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Getting Your Hands Dirty In the Fight on Malware, Part 2

Analyzing Outbound and Inbound Traffic, and Network Segmentation Can Help Protect Your Network, Even After It Has Been Compromised.

In my previous column I took a long look at modern malware with a focus on how to prevent malware from getting into your network in the first place. In case you missed it, you can read it here.

While we all probably agree that prevention is the best medicine, it’s also foolhardy to believe that prevention alone will be enough to protect us. Whether coming from a non-network source such as a USB drive or simply from a clever attacker who finds a weakness, we have to assume that eventually our networks will be compromised if they haven’t already.

Combating MalwareThat statement alone is enough to make many security professionals (and their management) a bit prickly, which is certainly understandable. We commit precious time, money and professional effort to defend against threats, and simply presuming that our defenses have been compromised can feel like all that work has been for naught. This is not the case at all.

Assuming that we aren’t compromised just plays into the attackers hands. What we need is to extend the security we have to bring protection to the soft parts of our network that attackers are targeting. Malware and targeted attacks rely on the assumption that if they can get inside the perimeter, that they can build a foothold and dig deeper with less worry of detection. But just because someone is able to break into a bank doesn’t mean that we should just let them walk out with the money. So in that spirit, let’s pick up where we left off and take a look at some of the practical tools and techniques that we can use to identify and stop live malware infections in our networks.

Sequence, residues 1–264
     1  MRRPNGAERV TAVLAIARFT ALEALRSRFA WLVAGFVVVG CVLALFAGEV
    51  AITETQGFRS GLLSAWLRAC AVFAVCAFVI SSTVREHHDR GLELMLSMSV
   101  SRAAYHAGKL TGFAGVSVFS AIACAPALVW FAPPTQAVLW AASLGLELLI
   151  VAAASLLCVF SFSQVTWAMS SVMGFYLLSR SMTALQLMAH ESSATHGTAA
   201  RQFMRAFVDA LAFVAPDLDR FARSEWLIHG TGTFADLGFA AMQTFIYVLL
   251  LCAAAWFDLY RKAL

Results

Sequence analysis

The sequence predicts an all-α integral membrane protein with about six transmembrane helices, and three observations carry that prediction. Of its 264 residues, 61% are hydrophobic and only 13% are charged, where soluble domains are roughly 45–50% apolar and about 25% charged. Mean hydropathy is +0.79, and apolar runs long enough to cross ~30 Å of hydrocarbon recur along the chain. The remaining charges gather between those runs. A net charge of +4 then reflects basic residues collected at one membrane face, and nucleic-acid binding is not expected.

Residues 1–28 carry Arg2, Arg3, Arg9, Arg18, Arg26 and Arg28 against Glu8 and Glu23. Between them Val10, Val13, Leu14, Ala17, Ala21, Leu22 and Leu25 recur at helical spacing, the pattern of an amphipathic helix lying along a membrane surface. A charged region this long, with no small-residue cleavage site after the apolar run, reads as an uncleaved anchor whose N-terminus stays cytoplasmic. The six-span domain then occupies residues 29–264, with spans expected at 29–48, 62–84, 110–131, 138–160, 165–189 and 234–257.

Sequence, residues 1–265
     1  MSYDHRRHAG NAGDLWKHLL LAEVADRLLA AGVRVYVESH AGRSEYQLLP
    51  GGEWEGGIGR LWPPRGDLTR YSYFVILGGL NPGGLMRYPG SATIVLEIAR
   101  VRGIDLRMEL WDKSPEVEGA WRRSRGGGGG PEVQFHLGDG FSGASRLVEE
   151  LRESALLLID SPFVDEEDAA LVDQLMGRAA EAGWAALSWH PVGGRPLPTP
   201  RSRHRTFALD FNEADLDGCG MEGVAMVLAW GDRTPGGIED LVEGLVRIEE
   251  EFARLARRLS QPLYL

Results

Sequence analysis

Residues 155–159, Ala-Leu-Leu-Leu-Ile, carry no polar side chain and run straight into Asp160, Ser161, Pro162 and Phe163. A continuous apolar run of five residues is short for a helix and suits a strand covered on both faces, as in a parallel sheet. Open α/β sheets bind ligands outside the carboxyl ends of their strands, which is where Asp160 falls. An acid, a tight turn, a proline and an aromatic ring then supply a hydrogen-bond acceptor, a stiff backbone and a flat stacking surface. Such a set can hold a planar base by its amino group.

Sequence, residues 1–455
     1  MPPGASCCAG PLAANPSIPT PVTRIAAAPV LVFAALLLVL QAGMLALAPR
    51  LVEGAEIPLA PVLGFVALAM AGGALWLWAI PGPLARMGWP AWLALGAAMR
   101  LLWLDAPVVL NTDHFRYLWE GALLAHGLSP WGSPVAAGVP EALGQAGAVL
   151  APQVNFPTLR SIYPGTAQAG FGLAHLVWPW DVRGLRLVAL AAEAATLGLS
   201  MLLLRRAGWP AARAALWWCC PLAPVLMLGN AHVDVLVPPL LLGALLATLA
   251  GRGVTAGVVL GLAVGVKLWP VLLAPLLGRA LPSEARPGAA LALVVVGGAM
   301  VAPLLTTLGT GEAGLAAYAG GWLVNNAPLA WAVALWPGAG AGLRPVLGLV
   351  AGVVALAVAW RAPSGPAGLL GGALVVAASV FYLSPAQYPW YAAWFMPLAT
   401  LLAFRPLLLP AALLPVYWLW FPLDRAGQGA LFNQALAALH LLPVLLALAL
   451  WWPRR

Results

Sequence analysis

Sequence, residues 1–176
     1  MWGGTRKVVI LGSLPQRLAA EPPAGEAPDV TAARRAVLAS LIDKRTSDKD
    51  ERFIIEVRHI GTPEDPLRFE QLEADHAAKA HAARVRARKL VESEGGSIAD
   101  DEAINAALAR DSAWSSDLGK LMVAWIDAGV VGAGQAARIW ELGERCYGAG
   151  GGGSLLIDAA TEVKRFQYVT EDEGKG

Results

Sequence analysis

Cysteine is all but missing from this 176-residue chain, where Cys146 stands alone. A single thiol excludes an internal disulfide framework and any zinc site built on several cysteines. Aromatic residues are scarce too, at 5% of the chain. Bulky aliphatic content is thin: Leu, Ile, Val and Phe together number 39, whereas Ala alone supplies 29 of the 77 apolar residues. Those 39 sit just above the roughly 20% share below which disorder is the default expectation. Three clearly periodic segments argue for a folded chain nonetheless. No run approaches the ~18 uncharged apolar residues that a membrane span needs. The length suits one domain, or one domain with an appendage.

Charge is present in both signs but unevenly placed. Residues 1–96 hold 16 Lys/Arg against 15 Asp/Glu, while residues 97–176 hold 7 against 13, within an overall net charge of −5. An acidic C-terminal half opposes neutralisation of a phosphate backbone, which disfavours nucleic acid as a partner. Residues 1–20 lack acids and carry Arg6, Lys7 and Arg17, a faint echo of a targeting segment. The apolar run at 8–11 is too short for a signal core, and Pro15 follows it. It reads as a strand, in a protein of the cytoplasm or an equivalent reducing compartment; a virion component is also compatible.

Looking Inward

Traditional enterprise networks have often been described has “hard, crunchy shells with soft, gooey centers”. This refers to the tendency for the external perimeter to be heavily fortified from outside threats, while internal users, traffic and assets tend to be trusted. Attackers have used malware to crack this model and shift the security battle to the inside of the network where security measures are sparse.

While this has been a recognized problem for quite some time, we are finally beginning to see new proposed security architectures that address the problem. Analysts such as Forrester’s John Kindervag have begun to push the notion of the “Zero-Trust Network” (video) where all traffic, including internal traffic is passed through a “segmentation gateway” for analysis. And although many of us may not be able to adopt such a consistently segmented model overnight, there are practical steps that most any enterprise can take today.

The first step is to expand our best threat and application analysis to include outbound traffic as well as inbound traffic. The ongoing command and control traffic is the life-blood of modern malware, and the infection is only the first step in an intrusion that will likely cross our perimeter many times. Given that the malware traffic is flowing in both directions, our defenses should certainly be looking in both directions as well.